No one’s going to confuse the current Pittsburgh Steelers defense with the Steel Curtain. There aren’t any elite playmakers in the secondary, and there isn’t a dominant force like Mean Joe Greene or L.C. Greenwood to get after the quarterback. This year, their leader and most productive pass rusher was the 38-year-old James Harrison, who finished the regular season with a low-but-team-high five sacks.
Instead of leaning on one or two big-name game-changers like Von Miller or Ndamukong Suh, Pittsburgh has relied upon the even play of a bunch of savvy veterans and young, play-with-their-hair-on-fire athletes. It’s taken some scheming, but defensive coordinator Keith Butler has squeezed every drop of production he could out of a group lacking a true superstar. There are no great defenses left in the playoffs, but Butler has at least created a good one by dialing up the blitz.
For the first half of the season, Pittsburgh struggled to rush the passer, and that lack of a true edge-rushing force was the core issue. Harrison is well past his prime; last year’s first-round pick, Bud Dupree, missed the first 10 games with a groin injury; and Jarvis Jones, Pittsburgh’s first-round pick from 2013, hasn’t shown many signs that he’s developing into a sack maker on the edge. Through eight weeks, Pittsburgh relied mostly on three- and four-man pressure schemes. They blitzed (sent five or more rushers) just 25.7 percent of the time, per Pro Football Focus, and the result was about what you’d expect: The Steelers were dead last in sacks, with just eight.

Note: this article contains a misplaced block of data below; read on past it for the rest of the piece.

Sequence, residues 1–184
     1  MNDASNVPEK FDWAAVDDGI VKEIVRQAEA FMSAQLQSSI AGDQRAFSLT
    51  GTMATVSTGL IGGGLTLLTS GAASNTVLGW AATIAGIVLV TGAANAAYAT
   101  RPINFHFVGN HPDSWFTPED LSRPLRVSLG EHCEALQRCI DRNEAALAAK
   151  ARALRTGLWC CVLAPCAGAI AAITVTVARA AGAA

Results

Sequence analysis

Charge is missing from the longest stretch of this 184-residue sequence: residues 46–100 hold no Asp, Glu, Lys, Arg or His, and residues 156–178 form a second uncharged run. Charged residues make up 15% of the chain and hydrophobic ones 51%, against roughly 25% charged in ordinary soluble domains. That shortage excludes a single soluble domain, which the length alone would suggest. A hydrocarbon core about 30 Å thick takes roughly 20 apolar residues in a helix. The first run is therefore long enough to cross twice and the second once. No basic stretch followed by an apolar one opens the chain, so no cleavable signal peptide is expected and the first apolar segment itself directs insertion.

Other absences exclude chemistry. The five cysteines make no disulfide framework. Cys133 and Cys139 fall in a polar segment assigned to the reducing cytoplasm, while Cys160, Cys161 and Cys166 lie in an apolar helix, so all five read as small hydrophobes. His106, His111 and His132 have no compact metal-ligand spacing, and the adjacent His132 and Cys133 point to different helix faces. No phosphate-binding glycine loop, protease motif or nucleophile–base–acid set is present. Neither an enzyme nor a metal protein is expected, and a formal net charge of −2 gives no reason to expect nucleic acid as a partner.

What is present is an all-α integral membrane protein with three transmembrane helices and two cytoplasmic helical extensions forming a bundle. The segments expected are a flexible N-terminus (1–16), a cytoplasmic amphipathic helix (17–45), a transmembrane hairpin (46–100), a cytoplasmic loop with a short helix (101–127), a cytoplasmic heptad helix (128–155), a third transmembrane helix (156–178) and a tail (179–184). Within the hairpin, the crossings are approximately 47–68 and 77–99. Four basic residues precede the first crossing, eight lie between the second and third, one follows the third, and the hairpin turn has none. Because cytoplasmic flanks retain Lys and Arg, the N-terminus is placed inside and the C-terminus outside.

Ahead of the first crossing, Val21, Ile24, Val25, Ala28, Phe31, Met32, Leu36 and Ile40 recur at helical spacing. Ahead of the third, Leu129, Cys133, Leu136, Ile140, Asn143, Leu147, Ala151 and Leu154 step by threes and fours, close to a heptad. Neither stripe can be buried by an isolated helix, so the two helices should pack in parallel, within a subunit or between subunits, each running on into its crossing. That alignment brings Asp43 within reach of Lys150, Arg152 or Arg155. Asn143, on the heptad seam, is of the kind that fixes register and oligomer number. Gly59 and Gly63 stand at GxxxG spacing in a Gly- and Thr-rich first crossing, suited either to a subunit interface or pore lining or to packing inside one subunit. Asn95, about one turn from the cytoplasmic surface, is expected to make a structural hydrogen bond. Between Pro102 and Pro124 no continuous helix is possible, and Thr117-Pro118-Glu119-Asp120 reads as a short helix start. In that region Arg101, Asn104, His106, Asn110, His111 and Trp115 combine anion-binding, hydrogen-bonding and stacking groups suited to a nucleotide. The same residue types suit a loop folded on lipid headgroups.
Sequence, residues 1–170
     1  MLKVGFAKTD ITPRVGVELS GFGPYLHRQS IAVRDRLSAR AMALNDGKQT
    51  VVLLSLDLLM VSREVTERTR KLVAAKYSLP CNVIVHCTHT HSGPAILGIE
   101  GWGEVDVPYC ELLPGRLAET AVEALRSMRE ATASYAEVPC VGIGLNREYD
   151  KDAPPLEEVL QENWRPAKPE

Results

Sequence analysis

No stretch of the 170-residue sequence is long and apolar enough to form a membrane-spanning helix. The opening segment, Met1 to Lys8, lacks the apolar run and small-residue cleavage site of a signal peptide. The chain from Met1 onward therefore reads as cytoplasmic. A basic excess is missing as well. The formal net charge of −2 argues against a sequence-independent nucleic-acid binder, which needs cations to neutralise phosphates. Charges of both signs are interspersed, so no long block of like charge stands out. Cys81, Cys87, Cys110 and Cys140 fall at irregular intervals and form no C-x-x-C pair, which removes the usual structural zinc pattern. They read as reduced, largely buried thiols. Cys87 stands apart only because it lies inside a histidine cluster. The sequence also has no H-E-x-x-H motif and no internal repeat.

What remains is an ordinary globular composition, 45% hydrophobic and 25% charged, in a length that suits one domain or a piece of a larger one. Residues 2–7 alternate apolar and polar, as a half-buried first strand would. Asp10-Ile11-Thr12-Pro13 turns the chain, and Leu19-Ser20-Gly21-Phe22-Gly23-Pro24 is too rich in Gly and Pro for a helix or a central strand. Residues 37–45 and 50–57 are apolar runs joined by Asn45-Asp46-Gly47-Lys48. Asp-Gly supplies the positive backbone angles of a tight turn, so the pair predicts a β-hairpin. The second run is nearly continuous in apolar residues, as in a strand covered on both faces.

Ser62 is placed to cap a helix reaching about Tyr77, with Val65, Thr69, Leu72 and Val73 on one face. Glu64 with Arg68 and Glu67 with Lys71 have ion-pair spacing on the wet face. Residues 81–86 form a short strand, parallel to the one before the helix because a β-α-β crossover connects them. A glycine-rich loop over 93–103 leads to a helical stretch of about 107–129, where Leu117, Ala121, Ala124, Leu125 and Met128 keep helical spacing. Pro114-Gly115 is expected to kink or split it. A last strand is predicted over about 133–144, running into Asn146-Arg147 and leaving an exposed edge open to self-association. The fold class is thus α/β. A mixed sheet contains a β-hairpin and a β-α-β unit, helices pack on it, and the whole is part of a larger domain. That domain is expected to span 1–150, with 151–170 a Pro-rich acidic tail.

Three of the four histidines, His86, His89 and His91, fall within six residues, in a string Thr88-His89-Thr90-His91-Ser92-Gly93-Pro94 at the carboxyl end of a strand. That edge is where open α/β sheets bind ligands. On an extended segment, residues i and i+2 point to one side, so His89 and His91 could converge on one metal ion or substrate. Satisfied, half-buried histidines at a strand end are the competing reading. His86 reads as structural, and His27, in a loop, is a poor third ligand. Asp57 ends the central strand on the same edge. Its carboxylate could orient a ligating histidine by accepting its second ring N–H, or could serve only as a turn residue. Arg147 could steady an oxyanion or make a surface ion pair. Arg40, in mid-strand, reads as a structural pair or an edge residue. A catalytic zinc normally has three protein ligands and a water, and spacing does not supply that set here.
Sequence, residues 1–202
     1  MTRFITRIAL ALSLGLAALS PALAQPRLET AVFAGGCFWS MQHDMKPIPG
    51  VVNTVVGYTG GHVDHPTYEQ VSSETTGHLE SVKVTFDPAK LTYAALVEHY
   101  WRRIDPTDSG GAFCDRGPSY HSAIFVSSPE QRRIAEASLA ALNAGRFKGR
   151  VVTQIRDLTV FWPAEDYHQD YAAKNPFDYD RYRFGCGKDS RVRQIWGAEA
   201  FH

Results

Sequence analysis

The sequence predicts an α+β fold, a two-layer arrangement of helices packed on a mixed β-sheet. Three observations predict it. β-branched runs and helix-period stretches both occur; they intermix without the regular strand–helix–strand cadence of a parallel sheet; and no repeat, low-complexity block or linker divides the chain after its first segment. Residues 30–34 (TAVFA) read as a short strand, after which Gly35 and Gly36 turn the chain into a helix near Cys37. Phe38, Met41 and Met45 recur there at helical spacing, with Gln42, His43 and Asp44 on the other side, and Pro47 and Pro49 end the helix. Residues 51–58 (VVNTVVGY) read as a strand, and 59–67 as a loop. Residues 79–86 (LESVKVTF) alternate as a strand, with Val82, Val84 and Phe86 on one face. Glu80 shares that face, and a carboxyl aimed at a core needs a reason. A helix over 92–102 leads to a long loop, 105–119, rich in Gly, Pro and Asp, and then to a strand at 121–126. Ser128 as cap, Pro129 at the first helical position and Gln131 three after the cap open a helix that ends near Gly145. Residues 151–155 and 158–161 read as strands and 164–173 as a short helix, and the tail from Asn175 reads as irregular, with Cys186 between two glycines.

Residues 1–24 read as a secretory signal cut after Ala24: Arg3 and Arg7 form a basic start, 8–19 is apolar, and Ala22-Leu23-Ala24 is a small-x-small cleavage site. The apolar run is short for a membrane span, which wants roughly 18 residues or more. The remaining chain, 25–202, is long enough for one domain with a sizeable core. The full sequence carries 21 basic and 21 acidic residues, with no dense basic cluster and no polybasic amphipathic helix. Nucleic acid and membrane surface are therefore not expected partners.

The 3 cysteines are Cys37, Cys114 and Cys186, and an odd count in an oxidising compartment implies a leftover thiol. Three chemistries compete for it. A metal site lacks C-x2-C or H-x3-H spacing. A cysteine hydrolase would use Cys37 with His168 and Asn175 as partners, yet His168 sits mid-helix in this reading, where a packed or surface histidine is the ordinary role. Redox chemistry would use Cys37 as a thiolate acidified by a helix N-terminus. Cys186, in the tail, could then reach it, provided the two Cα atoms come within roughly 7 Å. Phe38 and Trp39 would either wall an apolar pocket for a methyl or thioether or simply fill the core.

Butler recognized that three- and four-man rushes just weren’t going to get the job done, and so he started upping the pressure. From Week 9 to their finale against the Browns in Week 17, Pittsburgh racked up an NFL-best 30 sacks, including an eight-sack performance against the Browns in Week 11. The return of Dupree, who had 4.5 sacks in the last four regular-season games, certainly helped, but the biggest change over the back half of the year was that they blitzed on 43 percent of their defensive snaps (third most in the NFL).
Going blitz heavy isn’t new for a team that once earned the nickname “Blitzburgh.” The zone blitz was a staple of former defensive coordinator Dick LeBeau’s arsenal for years. Instead of the traditional idea of a blitz, in which you roll the dice, send the house, and leave just a few defenders in coverage, he’d disguise his intentions prior to the snap. LeBeau would line up six, seven, sometimes eight or nine guys at the line, then send pressure in the form of a linebacker or defensive back from one side while dropping a different defender into the quarterback’s throwing lanes on another. It was a way for the Steelers to create pressure and confuse offensive lines and quarterbacks without sacrificing numbers in pass coverage.
In the second half of the year, Pittsburgh has gotten back to its roots — both with zone and traditional blitzes. Much like LeBeau used to, Butler has begun to confuse opposing offenses with his pre-snap alignments. And he’s exploited the Steelers’ area of strength: While Pittsburgh has no true standout rusher this year, what it does have in spades is pure athleticism in its back seven, and that speed is often the difference between a pressure and a sack. Butler sends big, explosive athletes hurtling toward unprepared backs and tight ends and dares them to figure out how to stop his defenders.
Take Pittsburgh’s Week 15 matchup with the Bengals. Prior to the snap, Pittsburgh lines up with six defenders at or near the line of scrimmage. With four potential rushers on the left, Cincinnati slides protection to that side. Except only three Steelers actually rush from that side, leaving four linemen matched up with three rushers, creating a numerical disadvantage on the other side. Middle linebacker Ryan Shazier then rushes between the right tackle and guard. He draws tight end Tyler Eifert in the hole on a blitz pickup and beats him easily.